The allocation of seats in the European Parliament has been complicated for France by the UK's delayed departure from the EU.

The Parliament had already decided that after Brexit, some of the seats that had been occupied by British MEPs would be reallocated to other countries, with France set to gain an extra five seats

However, last minute delays to Brexit meant that the UK had to take part in the elections, with the result that France will not gain its extra seats until Britain leaves the EU.

On last night's polling results, the RN will get 22 seats in the European parliament immediately, and an extra seat once Britain leaves.

Macron's LREM will get 21 seats now and 23 after the UK leaves.

The green party lead by Yannick Jadot was placed third with 13.4 percent of the vote, gaining 12 seats now and 13 after Brexit. 

The two parties that between them had dominated French politics for decades until the rise of Macron both polled in single figures. Nicolas Sarkozy's old party Les Republicains polled 8.4 percent, while the Socialist party of Francois Hollande was on 6.31 percent, winning them eight and six seats respectively.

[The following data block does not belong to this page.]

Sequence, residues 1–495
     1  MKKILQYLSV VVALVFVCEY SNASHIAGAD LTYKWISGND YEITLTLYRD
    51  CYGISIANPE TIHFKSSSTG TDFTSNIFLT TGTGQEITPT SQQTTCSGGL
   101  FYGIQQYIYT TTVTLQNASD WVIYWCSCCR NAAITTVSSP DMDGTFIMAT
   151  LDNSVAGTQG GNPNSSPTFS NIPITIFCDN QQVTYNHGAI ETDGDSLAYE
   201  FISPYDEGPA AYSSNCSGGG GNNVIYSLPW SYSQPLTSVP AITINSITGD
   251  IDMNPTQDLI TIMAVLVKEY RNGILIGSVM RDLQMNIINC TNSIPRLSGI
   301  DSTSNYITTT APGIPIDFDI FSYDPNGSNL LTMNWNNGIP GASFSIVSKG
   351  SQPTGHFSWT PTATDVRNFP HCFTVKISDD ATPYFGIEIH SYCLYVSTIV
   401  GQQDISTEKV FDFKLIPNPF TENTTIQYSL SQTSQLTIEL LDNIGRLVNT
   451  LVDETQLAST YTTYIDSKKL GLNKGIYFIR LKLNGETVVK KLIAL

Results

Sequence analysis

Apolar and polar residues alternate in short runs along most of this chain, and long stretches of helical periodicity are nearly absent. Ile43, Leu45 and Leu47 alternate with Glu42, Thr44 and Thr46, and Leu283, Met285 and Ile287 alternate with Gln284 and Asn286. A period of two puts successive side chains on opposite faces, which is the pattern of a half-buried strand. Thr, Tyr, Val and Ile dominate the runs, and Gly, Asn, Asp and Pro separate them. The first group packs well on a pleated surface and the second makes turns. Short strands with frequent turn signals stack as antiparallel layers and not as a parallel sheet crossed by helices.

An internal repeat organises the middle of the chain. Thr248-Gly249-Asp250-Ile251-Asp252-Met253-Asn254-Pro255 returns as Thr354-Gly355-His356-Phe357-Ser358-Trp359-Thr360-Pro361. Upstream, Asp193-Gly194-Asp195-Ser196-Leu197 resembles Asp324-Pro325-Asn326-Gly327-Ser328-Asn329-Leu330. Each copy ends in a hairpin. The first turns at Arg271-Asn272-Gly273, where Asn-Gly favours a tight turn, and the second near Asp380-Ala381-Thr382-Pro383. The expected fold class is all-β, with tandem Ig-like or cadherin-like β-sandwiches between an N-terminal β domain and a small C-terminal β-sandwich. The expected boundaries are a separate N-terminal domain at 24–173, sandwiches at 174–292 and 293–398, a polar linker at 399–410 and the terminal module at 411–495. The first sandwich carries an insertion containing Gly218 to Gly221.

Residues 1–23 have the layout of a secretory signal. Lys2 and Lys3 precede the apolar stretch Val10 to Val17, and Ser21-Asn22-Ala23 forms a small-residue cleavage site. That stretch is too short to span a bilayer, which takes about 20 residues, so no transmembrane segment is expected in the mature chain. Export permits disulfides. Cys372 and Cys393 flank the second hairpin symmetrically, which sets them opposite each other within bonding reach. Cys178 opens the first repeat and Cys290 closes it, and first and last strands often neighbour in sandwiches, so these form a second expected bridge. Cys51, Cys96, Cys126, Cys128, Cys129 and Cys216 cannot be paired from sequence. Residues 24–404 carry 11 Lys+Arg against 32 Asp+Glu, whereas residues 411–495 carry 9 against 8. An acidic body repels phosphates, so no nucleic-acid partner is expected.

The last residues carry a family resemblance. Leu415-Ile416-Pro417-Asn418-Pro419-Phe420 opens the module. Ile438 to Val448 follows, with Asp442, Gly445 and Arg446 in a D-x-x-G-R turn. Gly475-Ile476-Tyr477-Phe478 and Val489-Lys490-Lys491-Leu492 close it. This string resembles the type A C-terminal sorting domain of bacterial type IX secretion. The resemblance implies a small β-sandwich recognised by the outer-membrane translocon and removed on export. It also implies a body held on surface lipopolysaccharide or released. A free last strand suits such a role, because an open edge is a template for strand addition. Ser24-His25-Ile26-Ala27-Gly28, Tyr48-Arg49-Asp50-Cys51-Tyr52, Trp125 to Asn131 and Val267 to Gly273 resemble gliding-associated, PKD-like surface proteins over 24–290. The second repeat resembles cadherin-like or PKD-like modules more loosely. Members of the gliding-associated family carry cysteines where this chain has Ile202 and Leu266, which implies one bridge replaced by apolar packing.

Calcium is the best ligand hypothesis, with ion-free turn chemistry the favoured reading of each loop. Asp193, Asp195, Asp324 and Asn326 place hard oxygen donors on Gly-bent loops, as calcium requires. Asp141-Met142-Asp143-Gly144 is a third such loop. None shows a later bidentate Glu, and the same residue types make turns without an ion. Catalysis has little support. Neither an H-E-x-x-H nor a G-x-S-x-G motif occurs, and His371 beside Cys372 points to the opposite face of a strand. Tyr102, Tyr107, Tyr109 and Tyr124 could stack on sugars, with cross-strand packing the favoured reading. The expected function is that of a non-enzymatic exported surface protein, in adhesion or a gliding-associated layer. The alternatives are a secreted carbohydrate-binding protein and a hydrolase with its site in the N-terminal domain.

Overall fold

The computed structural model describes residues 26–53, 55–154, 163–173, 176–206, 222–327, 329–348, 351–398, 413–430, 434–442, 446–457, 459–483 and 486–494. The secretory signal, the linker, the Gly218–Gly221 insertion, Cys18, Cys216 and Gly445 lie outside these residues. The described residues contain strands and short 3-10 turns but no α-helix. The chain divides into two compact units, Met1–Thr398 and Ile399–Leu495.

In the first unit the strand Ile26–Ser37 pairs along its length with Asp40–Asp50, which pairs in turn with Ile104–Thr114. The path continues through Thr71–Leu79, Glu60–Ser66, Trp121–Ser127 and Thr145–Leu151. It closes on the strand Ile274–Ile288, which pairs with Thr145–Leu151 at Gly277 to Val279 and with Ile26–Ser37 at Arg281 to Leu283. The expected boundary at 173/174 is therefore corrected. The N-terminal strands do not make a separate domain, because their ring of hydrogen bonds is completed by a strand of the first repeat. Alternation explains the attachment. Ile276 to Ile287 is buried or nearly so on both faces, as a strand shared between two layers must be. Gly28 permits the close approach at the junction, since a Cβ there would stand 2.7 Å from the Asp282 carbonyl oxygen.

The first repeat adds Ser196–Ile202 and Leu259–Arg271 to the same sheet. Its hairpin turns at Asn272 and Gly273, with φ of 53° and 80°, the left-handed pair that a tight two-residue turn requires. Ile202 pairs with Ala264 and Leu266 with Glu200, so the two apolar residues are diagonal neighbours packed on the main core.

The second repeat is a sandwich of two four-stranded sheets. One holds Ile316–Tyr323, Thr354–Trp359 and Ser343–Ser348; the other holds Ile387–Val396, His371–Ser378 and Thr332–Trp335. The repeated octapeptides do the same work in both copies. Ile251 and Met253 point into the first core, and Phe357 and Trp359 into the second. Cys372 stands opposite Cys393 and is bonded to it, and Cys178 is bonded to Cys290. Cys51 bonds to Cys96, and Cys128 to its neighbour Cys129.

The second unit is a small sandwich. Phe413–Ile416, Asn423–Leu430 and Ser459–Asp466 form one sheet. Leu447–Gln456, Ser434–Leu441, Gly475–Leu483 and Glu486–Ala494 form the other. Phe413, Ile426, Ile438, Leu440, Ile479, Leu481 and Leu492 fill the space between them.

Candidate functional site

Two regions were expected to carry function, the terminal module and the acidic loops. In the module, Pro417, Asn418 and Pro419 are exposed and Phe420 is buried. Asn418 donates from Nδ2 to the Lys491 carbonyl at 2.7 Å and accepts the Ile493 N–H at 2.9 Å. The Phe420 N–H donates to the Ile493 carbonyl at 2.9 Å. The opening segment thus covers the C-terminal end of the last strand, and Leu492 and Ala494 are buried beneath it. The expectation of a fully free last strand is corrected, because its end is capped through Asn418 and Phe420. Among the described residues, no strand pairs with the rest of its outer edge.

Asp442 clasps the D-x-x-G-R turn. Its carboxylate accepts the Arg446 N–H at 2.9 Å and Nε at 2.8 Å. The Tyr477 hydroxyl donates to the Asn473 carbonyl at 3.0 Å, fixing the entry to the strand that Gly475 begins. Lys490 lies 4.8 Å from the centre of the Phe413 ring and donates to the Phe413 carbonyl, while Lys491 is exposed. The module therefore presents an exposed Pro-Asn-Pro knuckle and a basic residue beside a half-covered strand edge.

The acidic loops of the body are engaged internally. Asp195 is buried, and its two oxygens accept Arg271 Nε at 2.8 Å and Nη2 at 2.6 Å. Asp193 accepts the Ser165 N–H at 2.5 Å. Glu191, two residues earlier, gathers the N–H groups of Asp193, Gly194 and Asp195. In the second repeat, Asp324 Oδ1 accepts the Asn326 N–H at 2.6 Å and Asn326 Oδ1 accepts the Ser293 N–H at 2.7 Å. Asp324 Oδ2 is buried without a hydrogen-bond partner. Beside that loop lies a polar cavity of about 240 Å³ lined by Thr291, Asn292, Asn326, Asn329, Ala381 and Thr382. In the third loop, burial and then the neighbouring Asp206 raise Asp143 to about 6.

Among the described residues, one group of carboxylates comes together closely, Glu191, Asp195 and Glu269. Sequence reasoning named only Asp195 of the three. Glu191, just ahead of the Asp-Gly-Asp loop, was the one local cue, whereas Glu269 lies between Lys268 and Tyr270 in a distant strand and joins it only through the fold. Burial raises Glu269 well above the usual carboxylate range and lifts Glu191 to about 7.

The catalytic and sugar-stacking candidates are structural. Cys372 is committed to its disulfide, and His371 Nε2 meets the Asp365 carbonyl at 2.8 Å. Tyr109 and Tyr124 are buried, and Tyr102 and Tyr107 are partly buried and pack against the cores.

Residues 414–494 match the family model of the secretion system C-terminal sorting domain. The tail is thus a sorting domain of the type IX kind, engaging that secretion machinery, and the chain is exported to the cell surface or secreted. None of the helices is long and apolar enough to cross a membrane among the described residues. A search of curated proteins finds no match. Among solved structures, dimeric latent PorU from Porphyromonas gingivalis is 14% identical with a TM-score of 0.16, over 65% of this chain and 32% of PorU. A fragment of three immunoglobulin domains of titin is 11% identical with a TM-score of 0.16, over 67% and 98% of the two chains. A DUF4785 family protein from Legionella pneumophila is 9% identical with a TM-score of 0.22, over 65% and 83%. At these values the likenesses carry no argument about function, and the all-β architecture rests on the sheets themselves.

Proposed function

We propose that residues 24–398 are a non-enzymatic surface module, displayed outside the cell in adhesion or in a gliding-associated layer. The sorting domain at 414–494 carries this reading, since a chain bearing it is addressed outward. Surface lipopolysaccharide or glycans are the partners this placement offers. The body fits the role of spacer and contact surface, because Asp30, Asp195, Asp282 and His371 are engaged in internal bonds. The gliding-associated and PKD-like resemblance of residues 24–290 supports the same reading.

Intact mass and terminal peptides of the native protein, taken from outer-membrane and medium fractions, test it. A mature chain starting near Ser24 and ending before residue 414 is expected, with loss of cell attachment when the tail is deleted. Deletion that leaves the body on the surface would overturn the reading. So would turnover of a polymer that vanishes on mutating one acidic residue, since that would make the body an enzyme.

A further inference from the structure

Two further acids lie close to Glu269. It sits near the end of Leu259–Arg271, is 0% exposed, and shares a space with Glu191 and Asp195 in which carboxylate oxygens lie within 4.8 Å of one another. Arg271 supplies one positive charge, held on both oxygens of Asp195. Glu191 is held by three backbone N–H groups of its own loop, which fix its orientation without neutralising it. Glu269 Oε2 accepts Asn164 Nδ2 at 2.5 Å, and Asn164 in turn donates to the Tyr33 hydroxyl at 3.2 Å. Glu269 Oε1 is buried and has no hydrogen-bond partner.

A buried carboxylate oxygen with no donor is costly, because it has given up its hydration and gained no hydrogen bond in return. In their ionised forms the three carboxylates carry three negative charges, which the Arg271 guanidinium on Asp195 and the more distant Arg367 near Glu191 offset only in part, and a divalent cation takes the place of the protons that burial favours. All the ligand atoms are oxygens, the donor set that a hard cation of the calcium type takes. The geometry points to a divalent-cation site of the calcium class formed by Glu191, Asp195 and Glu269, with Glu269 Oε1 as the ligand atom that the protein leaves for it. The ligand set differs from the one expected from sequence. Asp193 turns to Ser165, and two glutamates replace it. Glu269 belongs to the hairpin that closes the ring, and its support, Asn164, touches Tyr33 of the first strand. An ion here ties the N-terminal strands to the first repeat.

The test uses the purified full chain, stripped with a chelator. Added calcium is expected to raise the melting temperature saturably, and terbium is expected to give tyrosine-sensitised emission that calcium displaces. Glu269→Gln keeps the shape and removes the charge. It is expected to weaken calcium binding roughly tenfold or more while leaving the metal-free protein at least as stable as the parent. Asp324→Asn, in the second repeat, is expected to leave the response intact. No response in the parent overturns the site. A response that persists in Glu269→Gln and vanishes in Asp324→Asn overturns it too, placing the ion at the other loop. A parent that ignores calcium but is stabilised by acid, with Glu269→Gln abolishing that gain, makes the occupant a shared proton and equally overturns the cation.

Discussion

Meanwhile the 'yellow vest' candidates scored just 0.54 percent of the vote, below the Animalist party which polled 2.17 percent.

Nathalie Loiseau with LREM party workers. Photo: AFP

Although a total of 34 parties fielded candidates in the European elections in France, the election had largely been framed as a contest between Macron and Le Pen.

Macron's La Republique En Marche party, its list headed by former Europe Minister Nathalie Loiseau, was contesting its first European elections.